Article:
by Michael Ginsberg
Don’t read this if you (A) haven’t seen the Jewish Film Festival movie “Asia” and still hope to see it, (B) have seen it and are still too emotionally shaken by the movie to discuss it, or (C) don’t like movies that try to be more than simply “good stories,” for whatever reason. (including my wife, who I’ll call “Jeri,” because that’s her name).
Actually, Jeri loved “Asia,” but she often scolds me when she thinks I’m too critical of movies. “Can’t you just watch a movie without analyzing it?” she has been known to say, with a touch of annoyance in her voice.
Back to “Asia.” It’s much more than simply a “good movie.” What makes it more is less. It’s missing scenes that explain everything; it’s missing unflawed characters. And it’s missing scenes where tragic characters find happiness, like losing their virginity just before they die too young. (I included that line in this review for the same reason that “just good” movies include those scenes.)
“Asia” doesn’t pander in the way I just did. It tears apart viewers and brings tears to viewers by avoiding those kinds of cheap ploys. So, the tragic character dies a virgin, and the movie ends without following up an assisted suicide with courtroom scenes in which the assister has to justify her assistance. It doesn’t consummate a sex scene, because some sex scenes should not be consummated and the character who tries to consummate a sex scene with good intentions doesn’t have to feel good for trying. And viewers don’t have to see the mother of the tragic character come to peace with her daughter’s death and her role in it.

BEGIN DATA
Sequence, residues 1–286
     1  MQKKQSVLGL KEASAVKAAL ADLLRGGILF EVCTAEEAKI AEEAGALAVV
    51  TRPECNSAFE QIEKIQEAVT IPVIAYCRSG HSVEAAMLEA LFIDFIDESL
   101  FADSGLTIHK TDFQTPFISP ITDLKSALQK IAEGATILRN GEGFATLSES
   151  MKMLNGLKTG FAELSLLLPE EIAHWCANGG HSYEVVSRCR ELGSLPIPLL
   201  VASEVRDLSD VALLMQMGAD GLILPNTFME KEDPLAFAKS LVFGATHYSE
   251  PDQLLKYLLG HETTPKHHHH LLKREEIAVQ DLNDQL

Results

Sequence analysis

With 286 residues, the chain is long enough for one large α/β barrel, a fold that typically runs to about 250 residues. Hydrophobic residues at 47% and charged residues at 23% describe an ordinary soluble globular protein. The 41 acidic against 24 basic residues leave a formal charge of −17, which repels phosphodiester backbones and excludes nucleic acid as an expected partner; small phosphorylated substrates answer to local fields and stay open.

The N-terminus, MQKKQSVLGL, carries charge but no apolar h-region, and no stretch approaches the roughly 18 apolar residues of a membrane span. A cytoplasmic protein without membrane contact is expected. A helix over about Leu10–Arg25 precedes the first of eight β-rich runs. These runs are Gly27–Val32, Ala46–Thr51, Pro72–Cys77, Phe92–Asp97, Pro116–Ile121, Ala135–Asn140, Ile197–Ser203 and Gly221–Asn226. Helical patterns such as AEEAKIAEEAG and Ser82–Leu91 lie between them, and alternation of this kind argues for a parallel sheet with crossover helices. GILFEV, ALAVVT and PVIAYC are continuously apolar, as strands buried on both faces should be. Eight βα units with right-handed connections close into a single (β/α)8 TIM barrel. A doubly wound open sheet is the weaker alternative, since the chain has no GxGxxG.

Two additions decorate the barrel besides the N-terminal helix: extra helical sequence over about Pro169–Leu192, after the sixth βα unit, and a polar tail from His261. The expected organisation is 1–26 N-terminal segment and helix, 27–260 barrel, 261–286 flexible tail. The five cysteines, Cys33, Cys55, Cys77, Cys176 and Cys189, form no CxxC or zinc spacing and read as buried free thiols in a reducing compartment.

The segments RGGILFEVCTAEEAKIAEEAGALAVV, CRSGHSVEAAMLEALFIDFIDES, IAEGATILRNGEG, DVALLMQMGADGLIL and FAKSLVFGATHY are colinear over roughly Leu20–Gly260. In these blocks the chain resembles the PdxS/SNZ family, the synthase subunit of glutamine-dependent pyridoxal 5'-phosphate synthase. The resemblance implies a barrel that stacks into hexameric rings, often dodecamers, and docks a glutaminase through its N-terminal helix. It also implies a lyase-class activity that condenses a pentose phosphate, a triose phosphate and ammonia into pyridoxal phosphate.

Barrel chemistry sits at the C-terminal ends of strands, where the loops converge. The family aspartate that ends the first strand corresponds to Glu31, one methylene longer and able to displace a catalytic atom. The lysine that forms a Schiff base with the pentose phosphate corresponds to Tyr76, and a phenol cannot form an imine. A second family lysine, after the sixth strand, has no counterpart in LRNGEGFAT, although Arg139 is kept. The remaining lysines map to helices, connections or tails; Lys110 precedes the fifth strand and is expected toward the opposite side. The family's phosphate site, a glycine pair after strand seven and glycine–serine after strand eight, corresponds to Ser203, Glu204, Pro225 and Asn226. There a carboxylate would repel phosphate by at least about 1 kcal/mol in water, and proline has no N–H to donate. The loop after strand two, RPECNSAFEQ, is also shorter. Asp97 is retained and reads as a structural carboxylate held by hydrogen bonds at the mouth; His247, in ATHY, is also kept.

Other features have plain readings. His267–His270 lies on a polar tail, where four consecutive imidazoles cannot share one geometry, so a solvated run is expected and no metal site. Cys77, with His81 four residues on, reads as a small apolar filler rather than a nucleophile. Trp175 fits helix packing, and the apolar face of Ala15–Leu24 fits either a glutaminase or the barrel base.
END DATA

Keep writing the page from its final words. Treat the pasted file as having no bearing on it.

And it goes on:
“Asia” left me feeling emotionally raw. It left me without consummating my attraction toward satisfying endings that complete a cycle of hurt and healing. That’s not how life always works, that’s not what makes a movie more than “good,” and that’s not what makes a movie review more than “OK.”
“Asia” is a great movie, and this is a great review. If you don’t agree, don’t see “Asia” and don’t ask me why I thought it was a great movie.
Michael Ginsberg’s journalism career started badly, when an editor added to his yearbook review of his high school football team’s season, “Ask not what your team can do for you; ask what you can do for your team.” After his “libel by cliche” lawsuit failed, he wrote for his college newspaper, detoured briefly as an elementary school teacher and returned to journalism at the Asheville Citizen-Times, Greenville (SC) News-Piedmont and Wichita Eagle-Beacon. He retired from reporting to earn a Ph.D. in Reading Education and spent 25 years as an English faculty member at a community college in Louisville, Kentucky, where he presently lives. During that time, he engaged in freelance writing and editing, which he continues to do, as well as teach ESL Reading. He is still seeking justice from his high school.